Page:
Minimax Gaussian Classification & Clustering
Proceedings of the 20th International Conference on Artificial Intelligence and Statistics, PMLR 54:1-9, 2017.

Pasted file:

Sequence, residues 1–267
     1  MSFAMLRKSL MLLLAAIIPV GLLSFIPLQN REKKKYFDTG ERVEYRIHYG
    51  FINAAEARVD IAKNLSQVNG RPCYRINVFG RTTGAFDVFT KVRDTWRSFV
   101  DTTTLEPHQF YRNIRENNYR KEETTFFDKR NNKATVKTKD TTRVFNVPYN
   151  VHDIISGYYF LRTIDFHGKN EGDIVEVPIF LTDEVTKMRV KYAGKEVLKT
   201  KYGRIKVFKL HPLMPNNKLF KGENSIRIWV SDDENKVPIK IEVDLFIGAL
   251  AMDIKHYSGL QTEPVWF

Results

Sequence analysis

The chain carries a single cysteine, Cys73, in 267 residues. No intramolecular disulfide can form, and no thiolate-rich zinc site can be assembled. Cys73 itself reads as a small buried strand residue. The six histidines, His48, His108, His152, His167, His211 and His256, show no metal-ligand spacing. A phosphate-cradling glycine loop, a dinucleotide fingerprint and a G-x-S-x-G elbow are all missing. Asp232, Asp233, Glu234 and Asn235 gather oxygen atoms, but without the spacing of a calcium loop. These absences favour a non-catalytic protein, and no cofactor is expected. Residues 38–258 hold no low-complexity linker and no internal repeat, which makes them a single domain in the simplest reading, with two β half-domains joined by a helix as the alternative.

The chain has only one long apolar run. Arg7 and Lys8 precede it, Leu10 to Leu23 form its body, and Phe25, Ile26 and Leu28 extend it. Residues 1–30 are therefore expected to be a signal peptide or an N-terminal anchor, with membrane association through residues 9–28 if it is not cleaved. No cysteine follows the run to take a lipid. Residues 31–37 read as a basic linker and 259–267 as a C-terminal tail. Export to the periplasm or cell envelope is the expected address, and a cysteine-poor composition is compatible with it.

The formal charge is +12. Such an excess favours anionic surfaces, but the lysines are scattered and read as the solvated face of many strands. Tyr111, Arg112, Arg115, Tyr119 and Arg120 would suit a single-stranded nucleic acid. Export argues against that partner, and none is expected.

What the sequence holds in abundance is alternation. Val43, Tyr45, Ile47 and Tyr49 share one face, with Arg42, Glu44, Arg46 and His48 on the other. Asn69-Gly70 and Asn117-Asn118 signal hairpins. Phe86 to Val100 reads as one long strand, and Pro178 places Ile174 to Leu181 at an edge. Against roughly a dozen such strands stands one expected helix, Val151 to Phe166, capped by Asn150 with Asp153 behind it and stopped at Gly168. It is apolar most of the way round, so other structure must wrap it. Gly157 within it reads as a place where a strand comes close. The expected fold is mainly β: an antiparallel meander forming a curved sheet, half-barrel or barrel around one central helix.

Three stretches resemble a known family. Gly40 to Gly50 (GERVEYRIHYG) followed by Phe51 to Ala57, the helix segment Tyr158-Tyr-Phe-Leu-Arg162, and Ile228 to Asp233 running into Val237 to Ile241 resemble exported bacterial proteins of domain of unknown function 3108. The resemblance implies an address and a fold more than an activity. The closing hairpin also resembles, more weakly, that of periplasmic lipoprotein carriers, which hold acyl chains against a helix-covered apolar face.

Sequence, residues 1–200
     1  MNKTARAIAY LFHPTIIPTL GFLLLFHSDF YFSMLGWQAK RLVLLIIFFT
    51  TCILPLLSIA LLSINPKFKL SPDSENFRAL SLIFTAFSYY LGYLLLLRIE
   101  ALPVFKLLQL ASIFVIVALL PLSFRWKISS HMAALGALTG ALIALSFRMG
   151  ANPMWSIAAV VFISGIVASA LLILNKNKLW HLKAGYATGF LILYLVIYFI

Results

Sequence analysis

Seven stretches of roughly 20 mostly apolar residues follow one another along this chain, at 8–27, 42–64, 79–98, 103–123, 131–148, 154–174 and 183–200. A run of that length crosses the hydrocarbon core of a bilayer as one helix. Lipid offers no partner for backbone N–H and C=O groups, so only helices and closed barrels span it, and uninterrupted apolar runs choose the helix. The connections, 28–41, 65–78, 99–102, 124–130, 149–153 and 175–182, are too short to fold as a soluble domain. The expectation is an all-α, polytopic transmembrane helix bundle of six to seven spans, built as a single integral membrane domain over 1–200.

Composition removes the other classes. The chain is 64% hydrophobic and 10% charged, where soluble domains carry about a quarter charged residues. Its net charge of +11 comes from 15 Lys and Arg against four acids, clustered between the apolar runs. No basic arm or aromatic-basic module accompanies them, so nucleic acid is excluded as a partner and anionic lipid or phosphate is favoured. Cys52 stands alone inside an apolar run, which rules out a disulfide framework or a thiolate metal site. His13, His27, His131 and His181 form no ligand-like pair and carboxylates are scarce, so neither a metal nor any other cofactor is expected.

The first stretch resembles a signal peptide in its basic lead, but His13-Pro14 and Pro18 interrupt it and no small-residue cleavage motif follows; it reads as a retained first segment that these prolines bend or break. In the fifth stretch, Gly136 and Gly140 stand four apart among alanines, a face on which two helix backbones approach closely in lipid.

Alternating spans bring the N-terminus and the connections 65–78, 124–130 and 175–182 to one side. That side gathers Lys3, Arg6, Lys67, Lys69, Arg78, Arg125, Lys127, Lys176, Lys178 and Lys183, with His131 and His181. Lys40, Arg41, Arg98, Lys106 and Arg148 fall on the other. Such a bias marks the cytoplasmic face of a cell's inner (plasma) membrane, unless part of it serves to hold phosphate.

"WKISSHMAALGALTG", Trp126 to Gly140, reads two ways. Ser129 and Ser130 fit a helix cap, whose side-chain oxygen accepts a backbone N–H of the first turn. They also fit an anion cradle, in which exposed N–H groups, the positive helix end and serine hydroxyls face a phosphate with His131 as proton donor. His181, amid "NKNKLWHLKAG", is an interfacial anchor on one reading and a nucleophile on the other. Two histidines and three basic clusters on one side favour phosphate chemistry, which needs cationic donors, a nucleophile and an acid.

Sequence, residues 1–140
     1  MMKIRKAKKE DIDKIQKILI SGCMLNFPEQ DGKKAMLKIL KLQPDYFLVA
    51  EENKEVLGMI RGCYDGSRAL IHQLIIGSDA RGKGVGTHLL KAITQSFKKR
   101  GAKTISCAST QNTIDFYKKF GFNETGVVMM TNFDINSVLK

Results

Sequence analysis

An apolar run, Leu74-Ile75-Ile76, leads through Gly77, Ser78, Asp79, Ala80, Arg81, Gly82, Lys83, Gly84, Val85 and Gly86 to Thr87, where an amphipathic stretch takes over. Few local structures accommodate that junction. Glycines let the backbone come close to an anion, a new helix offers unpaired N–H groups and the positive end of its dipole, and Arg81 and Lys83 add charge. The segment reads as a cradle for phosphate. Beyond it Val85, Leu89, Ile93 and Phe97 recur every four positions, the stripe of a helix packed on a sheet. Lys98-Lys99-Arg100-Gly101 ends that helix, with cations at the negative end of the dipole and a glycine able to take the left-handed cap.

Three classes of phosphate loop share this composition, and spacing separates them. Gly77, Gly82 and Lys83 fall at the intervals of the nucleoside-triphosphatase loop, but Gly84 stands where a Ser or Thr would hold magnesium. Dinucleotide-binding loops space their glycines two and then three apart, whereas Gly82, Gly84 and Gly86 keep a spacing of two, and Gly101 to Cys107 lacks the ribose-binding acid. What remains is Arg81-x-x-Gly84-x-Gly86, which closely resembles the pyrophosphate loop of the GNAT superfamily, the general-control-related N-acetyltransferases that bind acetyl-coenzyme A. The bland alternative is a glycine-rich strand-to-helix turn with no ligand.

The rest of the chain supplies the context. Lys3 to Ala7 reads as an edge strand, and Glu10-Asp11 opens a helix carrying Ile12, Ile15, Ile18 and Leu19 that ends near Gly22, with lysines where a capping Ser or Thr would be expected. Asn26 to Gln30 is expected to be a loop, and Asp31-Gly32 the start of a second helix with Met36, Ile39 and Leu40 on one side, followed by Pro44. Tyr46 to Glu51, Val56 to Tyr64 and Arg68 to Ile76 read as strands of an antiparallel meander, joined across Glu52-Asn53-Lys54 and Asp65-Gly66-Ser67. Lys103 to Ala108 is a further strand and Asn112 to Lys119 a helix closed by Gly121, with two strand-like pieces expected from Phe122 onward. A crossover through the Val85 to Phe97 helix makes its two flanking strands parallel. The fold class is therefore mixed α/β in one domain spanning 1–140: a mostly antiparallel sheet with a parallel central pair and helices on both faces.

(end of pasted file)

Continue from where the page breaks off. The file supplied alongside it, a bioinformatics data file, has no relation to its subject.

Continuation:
We present minimax bounds for classification and clustering error in the setting where covariates are drawn from a mixture of two isotropic Gaussian distributions. Here, we define clustering error in a discriminative fashion, demonstrating fundamental connections between classification (supervised) and clustering (unsupervised). For both classification and clustering, our lower bounds show that without enough samples, the best any classifier or clustering rule can do is close to random guessing. For classification, as part of our upper bound analysis, we show that Fisher's linear discriminant achieves a fast minimax rate $\Theta(1/n)$ with enough samples $n$. For clustering, as part of our upper bound analysis, we show that a clustering rule constructed using principal component analysis achieves the minimax rate with enough samples. We also provide lower and upper bounds for the high-dimensional sparse setting where the dimensionality of the covariates $p$ is potentially larger than the number of samples $n$, but where the difference between the Gaussian means is sparse.